The Australian freshwater crocodile is endemic to Australia and found in freshwater creeks and rivers across northern regions. It is a small species, often less than three metres in length, and recognisable by its long slender snout. ‘Freshies’ have received less attention than their larger estuarine cousins (‘salties’), and many aspects of their ecology remains unknown. In order to address this issue, Australia Zoo recently studied the movements of 28 individuals over a number of months in Lakefield National Park, North Queensland. The study revealed some fascinating insights into why crocodiles dive, what they do underwater, and what factors affect their diving behaviour.
The team captured the crocodiles in billabongs during the dry season, attached miniature electronic devices (tags), and released them back into the wild. The crocodiles would go about their usual daily routine, and the tags would record information about their physiology and behaviour. This information was transmitted by radio waves to remote receiving stations, and the research team were able to observe their secretive underwater lives.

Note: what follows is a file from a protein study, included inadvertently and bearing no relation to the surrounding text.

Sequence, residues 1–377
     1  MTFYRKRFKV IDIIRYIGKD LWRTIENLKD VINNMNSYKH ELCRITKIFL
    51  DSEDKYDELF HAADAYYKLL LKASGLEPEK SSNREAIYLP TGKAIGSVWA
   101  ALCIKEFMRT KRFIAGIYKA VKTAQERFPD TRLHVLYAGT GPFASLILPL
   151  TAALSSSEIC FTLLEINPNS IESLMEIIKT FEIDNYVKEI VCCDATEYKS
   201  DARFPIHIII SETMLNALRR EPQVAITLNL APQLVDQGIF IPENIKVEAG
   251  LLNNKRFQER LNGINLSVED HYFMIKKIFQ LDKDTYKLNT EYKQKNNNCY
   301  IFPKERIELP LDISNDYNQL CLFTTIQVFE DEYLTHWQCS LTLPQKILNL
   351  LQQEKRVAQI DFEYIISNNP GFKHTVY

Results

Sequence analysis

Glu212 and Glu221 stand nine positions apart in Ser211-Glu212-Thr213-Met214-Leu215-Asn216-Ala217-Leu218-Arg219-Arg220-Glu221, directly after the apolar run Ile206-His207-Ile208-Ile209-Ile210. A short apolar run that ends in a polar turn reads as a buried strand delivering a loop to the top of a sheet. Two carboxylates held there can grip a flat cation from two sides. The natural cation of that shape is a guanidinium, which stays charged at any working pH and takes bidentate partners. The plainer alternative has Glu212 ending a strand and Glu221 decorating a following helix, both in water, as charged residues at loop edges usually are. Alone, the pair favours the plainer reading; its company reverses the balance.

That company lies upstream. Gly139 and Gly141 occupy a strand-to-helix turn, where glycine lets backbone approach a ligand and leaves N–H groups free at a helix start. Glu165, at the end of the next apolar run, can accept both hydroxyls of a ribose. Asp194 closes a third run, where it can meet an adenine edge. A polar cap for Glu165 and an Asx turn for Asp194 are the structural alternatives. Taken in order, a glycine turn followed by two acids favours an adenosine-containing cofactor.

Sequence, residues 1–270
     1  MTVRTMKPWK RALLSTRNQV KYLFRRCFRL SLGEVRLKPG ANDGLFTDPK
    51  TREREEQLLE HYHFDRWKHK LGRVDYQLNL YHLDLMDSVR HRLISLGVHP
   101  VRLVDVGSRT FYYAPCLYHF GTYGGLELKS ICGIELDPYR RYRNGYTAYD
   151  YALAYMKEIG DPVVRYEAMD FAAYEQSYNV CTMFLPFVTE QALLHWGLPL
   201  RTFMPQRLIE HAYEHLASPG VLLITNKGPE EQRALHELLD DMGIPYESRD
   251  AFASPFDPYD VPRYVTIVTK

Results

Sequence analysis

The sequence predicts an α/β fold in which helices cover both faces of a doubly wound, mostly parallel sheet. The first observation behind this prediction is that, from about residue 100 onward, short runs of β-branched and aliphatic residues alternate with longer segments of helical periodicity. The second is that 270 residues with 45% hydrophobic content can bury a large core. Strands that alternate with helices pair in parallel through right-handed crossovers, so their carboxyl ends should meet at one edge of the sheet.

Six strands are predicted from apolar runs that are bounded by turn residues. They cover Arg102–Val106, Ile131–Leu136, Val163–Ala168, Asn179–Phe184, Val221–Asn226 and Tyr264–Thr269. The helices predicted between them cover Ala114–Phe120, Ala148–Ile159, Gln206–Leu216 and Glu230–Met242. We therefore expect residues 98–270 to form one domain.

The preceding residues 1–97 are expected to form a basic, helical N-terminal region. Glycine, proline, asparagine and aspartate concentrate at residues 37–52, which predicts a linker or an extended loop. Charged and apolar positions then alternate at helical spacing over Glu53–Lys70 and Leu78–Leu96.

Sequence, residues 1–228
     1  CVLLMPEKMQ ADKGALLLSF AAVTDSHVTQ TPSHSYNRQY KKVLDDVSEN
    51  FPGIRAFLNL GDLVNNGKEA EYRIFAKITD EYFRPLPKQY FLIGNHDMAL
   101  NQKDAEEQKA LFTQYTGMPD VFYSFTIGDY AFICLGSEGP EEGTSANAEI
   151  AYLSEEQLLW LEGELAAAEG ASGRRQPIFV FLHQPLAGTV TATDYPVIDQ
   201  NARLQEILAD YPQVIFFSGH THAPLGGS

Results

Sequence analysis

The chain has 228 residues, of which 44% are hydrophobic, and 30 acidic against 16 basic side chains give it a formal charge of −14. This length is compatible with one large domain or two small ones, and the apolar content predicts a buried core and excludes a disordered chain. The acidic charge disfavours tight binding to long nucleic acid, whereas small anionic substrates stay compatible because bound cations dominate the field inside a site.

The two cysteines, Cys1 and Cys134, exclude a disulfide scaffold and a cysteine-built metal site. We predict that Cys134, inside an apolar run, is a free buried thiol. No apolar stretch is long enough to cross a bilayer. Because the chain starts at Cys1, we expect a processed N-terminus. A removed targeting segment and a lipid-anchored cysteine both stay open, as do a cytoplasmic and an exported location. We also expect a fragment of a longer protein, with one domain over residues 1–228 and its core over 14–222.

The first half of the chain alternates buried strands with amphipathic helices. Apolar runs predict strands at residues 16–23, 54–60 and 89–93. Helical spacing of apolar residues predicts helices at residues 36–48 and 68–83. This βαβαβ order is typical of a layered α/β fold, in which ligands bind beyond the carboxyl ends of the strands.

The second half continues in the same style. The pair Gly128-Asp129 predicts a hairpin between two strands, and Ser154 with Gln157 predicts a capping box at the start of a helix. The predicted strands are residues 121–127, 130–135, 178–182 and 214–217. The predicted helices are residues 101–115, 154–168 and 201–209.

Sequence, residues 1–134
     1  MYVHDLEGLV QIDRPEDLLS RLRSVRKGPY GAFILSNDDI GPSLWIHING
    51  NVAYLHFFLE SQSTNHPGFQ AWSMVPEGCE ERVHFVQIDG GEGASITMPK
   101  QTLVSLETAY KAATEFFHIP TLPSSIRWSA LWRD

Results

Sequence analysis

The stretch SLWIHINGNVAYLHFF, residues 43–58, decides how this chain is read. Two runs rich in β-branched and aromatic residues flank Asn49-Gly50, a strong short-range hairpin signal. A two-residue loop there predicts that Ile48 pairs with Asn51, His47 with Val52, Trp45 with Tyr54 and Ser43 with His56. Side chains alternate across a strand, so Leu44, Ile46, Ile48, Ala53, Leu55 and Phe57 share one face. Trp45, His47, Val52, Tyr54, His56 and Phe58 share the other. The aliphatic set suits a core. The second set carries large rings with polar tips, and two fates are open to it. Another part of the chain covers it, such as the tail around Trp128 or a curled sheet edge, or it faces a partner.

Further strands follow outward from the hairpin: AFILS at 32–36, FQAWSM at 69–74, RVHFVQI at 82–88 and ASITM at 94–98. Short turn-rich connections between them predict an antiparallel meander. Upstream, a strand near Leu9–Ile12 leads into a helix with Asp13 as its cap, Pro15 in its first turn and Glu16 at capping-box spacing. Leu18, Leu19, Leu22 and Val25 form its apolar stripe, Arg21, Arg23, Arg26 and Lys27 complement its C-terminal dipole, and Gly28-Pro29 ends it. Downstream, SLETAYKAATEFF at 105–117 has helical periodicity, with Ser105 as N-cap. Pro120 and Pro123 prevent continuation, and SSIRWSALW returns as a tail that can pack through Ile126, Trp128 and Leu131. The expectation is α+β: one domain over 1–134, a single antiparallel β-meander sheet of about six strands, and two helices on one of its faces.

All of the tagged crocodiles increased the duration and depth of dives in the early hours of the morning, and undertook fewer, shorter and shallower dives throughout the afternoon and during the night. It was previously thought that these high periods of diving in the early morning were foraging behaviours; this study revealed that the crocodiles were in fact resting within deep holes, and may have even been undergoing a crocodile version of sleeping.
The crocodiles exhibited some of the longest dive durations ever recorded for an air-breathing vertebrate. These were even more remarkable considering the warm water temperature (> 21.5oC) and the small size of the crocodiles – a 5kg crocodile dived for 5.7 hours and a 42kg crocodile dived for 6.7 hours. The ability of these relatively small diving animals to remain submerged for such long periods of time reveals a unique biology, one which enables crocodiles to stay underwater longer than elephant seals and even whales.
The research team also observed that the crocodiles would adapt diving behaviour to modify body temperature. The deep water within the water hole was cooler than the air temperature in summer, and the crocodiles would stay cool during the middle of the day by diving down into the cooler water. In winter, the deep water was warmer than the air temperature throughout the night, and the crocodiles would maintain a warmer body temperature by remaining for long periods in deep water during the night.